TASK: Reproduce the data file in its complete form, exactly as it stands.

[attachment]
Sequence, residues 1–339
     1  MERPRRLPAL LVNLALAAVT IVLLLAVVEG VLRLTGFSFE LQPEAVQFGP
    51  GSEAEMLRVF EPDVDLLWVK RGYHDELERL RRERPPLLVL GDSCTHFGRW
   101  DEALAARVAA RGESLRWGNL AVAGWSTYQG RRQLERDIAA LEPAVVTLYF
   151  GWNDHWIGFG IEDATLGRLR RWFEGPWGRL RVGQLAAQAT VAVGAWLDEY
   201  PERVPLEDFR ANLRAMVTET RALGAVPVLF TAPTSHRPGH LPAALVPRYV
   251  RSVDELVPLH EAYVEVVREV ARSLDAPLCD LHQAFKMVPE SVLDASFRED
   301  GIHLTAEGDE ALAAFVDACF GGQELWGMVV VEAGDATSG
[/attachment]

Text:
Sequence, residues 1–339
     1  MERPRRLPAL LVNLALAAVT IVLLLAVVEG VLRLTGFSFE LQPEAVQFGP
    51  GSEAEMLRVF EPDVDLLWVK RGYHDELERL RRERPPLLVL GDSCTHFGRW
   101  DEALAARVAA RGESLRWGNL AVAGWSTYQG RRQLERDIAA LEPAVVTLYF
   151  GWNDHWIGFG IEDATLGRLR RWFEGPWGRL RVGQLAAQAT VAVGAWLDEY
   201  PERVPLEDFR ANLRAMVTET RALGAVPVLF TAPTSHRPGH LPAALVPRYV
   251  RSVDELVPLH EAYVEVVREV ARSLDAPLCD LHQAFKMVPE SVLDASFRED
   301  GIHLTAEGDE ALAAFVDACF GGQELWGMVV VEAGDATSG